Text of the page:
Proclamations and flag-flying

The Union flag was flown at half-mast on the Town Hall flagpole upon learning the news of the death of Her Majesty Queen Elizabeth II, and will remain at half-mast until the day after the funeral of Her Majesty, excluding days of Proclamation.

The accession of new Sovereign, King Charles III will be proclaimed in London at 11am on Saturday 10 September. At this time, the Union flag will be raised, and lowered back to half-mast following the local Proclamations.

In the County of East Sussex, a Proclamation will be made at 1pm on Sunday 11 September by the High Sheriff of East Sussex at County Hall.

The Proclamation for the town of Lewes will be made by the Mayor of Lewes at 3pm on Sunday 11 September, in front of Lewes Town Hall, on Lewes High Street. The public are warmly invited to attend both Proclamations. Following the Proclamation at Lewes Town Hall, Lewes Glynde and Beddingham Brass Band will play the National Anthem.

Road closures will be in place between 2.45 and 3.15pm during the Lewes Town Proclamation for a section of the High Street between the War Memorial and the junction of Fisher Street and Station Street.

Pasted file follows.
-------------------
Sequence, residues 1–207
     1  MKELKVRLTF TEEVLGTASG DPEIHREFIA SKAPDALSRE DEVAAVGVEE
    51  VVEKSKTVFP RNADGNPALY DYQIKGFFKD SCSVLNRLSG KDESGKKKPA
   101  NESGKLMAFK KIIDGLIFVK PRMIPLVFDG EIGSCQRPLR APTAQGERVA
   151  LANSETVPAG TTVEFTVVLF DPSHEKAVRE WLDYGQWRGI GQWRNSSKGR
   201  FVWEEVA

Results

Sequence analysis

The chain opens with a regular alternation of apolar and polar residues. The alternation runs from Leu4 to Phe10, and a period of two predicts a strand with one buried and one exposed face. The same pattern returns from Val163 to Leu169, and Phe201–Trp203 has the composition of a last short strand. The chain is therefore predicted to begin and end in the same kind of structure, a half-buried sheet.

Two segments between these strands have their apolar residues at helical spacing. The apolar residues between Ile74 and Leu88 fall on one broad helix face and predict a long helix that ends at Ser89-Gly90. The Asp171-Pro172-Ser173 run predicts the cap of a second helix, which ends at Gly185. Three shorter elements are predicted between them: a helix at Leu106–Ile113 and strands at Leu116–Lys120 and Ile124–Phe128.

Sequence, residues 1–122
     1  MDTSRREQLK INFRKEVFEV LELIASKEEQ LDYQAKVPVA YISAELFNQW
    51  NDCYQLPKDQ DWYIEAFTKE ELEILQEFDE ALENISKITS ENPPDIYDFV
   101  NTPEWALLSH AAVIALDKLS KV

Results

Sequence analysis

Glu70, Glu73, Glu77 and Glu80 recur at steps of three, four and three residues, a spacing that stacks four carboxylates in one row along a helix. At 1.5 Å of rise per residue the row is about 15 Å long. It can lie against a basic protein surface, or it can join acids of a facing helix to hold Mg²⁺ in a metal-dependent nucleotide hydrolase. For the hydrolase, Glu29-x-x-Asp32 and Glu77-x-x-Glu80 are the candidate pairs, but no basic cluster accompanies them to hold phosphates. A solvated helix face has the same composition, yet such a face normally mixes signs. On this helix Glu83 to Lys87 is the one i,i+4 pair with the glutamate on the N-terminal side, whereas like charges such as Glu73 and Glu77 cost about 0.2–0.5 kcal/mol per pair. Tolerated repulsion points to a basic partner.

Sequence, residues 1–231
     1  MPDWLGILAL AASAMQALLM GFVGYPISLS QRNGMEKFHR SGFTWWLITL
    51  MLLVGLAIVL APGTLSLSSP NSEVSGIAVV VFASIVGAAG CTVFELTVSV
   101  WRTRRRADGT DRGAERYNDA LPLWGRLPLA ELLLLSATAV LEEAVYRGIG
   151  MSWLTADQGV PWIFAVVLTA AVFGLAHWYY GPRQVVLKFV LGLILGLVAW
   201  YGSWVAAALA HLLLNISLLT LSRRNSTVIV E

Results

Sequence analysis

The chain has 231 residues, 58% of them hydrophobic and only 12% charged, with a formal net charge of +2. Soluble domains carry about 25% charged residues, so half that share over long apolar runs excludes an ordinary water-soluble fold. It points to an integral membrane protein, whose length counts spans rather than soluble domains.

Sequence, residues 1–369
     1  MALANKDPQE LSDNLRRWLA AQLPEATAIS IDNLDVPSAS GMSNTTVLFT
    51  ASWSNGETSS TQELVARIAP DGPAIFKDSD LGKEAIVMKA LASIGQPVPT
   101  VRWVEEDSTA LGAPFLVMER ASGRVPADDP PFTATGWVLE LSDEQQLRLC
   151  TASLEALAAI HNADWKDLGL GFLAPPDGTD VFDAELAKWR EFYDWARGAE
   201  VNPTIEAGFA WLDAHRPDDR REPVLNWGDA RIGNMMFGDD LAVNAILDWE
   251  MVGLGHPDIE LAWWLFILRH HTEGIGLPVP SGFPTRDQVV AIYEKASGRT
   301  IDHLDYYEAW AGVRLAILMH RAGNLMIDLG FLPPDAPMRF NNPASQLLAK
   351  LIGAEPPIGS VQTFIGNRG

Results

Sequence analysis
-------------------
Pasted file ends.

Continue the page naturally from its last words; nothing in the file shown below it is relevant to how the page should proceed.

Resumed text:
This is to allow space for the public to gather to hear the Proclamation. Lewes Town Council is extremely grateful to members of the town’s Bonfire Societies for their generous voluntary assistance with creating road diversions for this historic occasion.

About Proclamations

The proclamation of the new Sovereign is a very old tradition which can be traced back over many centuries.

The ceremony does not create a new King. It is simply an announcement of the accession which took place immediately on the death of the reigning monarch.

In an age where modern methods of communication convey news around the globe in an instant, the proclamation is no longer the means by which people learn for the first time that they have a new Monarch. Today, however, is one of the first occasions when communities have an opportunity to come together and reflect on the moment in our nation’s history when the reign of our longest-serving Monarch came to an end and our new Sovereign succeeded.

There is a tradition that when the Monarch visits a borough, the Mace (the symbol of the Mayor’s authority) is inverted in recognition of the authority of the Crown. In Sunday’s ceremony the Mace will be inverted as a similar signal of recognition that the Crown has passed from our late Sovereign to her Successor.